| Labor Day on the Bells!
Labor Day has become a tradition for my wife and me to get away for a long weekend of great climbing together. This year we were truly blessed with a beautiful weekend for an attempt on Maroon Peak.
The photo below captures the majesty of the Bells and is a perfect place to being this report.
You would assume the sign below has been shown enough in reports. I believe it bears repeating and is a very concise warning for these peaks.
Although the above sign has been repeated in many reports, the sign below was a new one for me. Our plan was to camp two nights, so we found a nice spot a 1/2 mile above Crater Lake. As we entered the gate and paid our ten dollar entrance fee, the ranger warned us of the bear problem and gave us a flier on how to bear proof our camp. Something we already do as I have a terrible fear of bears. I'll expound more on the bears later in this report. We do have a bear story that resulted from this trip.
Ok, enough with the warnings and on to the fun stuff. We left camp at twilight with headlamps on.
Below, the sun is peeking out from behind Pyramid, hitting us for the first time that day. Something I always look forward to on climbs.
In the following photo my wife was working her way up the East Slope. This slope is deceptively steep and makes for a very tedious ascent.
We ran into the infamous Maroon Bells goats. I called one over and just like a dog it came right for me. It got so uncomfortably close that I raised my hiking pole in defense. We had a stare down, and she decided to move on. Whew!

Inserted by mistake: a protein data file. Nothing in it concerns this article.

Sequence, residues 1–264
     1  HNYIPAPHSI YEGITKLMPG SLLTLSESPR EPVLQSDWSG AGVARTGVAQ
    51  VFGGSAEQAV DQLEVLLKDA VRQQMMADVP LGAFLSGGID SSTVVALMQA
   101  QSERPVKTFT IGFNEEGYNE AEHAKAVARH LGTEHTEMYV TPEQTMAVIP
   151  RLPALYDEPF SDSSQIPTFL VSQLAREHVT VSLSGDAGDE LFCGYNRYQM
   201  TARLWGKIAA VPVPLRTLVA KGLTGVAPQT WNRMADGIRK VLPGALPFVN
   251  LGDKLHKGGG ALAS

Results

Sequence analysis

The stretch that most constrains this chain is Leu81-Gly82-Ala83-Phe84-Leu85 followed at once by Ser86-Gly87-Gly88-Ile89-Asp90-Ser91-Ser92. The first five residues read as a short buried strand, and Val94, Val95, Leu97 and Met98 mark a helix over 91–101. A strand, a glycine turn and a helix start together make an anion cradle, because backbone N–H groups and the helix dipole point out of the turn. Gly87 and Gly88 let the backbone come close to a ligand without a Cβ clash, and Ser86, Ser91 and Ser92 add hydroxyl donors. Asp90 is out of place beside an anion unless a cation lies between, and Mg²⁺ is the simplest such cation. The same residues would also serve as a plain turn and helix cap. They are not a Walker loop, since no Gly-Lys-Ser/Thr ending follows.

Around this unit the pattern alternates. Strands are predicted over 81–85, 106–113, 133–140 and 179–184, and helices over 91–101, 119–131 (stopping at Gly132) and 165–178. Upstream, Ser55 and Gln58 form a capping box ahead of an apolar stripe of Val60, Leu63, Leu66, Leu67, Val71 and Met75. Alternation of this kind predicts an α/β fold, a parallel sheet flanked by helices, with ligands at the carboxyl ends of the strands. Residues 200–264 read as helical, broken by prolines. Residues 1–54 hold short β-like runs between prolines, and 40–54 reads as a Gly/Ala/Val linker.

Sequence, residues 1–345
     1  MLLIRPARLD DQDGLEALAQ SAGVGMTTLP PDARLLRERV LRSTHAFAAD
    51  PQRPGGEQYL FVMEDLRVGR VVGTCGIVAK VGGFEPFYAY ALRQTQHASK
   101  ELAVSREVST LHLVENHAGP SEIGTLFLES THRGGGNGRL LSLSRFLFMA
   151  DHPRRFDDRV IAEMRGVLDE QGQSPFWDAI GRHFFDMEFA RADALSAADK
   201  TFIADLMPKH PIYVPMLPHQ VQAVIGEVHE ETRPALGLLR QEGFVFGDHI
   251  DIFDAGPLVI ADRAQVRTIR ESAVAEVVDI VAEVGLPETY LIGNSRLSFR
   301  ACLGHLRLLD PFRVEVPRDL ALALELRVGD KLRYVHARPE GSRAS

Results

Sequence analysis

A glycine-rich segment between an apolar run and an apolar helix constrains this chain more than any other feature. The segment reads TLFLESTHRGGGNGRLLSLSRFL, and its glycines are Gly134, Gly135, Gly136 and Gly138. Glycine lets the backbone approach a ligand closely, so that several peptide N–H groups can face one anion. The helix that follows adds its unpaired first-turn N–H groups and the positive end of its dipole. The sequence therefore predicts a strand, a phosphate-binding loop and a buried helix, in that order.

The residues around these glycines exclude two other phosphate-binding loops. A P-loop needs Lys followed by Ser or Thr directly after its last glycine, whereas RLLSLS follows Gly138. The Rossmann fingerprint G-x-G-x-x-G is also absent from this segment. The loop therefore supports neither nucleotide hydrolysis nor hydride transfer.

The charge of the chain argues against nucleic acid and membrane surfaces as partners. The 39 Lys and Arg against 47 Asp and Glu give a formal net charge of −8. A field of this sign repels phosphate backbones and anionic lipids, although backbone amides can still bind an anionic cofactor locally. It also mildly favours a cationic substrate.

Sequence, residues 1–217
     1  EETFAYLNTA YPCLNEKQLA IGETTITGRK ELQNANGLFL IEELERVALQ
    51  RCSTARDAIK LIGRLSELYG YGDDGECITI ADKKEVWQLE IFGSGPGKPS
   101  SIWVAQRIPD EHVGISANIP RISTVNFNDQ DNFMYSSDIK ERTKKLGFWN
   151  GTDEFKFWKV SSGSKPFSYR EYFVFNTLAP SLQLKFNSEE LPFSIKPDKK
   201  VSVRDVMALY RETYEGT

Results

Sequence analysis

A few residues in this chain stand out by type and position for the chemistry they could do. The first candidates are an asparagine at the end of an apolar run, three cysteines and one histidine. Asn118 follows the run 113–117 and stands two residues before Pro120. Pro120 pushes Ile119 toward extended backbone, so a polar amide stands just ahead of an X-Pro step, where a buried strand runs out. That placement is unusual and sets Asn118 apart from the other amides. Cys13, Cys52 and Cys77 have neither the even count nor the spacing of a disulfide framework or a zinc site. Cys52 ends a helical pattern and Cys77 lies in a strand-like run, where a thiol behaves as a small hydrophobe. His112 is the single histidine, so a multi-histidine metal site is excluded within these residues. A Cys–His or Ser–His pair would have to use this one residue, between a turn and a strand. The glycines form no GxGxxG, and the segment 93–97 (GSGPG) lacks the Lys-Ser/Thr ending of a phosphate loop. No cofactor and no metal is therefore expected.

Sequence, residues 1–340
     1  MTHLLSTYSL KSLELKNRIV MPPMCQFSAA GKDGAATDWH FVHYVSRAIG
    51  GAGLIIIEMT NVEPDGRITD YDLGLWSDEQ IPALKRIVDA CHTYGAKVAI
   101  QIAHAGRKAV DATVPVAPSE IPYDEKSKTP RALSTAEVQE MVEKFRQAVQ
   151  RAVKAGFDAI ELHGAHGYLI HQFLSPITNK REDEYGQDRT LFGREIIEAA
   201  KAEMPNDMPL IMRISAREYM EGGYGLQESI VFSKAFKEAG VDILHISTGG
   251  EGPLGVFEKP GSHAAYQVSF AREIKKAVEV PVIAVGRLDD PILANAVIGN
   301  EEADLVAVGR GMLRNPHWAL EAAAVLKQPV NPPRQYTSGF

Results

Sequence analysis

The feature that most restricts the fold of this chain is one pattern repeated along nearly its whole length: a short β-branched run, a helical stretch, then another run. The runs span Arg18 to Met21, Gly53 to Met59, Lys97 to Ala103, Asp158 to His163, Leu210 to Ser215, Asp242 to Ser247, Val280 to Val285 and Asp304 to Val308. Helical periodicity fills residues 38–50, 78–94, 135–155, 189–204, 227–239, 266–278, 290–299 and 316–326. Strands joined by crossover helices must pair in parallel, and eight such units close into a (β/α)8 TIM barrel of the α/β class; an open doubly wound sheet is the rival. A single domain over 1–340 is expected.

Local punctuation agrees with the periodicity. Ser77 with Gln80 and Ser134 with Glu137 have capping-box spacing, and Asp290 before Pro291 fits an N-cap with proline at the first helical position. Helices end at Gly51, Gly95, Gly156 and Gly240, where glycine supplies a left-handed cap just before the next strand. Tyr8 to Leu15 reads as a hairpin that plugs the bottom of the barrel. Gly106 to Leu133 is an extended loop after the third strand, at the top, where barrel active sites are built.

This one was less intimidating, but I'll never call a goat again regardless of size.
At this point, we faced our hardest decision. My wife was experiencing vertigo. We couldn't understand why; she has been on much harder terrain up to this point. We would later find out it was because of her new transition lenses in her glasses. With the steep terrain and her constantly looking down, she could not focus. Knowing that the tent was fairly close, she insisted I go up; she would head back down. The weather was great and there were a lot of people still coming up.
I'm sure many have faced this tough decision. I continued as my wife (climbing partner) went down.
After a lot more climbing up the South Slope, I reached the small saddle and got my first glimpse of the other side. At this point, I was glad my wife made the decision to turn back. From here on you need to be on your game.
After starting out, I took a quick look back at a climber on the South Ridge.
Here was one of the many ledges. The views on this side were awesome. I have one piece of advice to offer; follow the altitude suggestions on the route description. I decided to ascend the second of the two gullies. Going up the second gully, there are two ledges with cairns that exit to the left before the correct exit. I stopped at the first, and it was clear the ledge went nowhere; and above the ledge, the climbing was way above class 3 and 4. I checked my GPS; I was at 13,300ft. The route description put the exit at approximately 13,550ft. This proved to be very helpful in getting me to the correct exit point. Thanks Bill!
As you get closer to the top and look back to study the terrain, you realize routes are scattered every which way. Below, left of center, you can see a climber in blue working through this.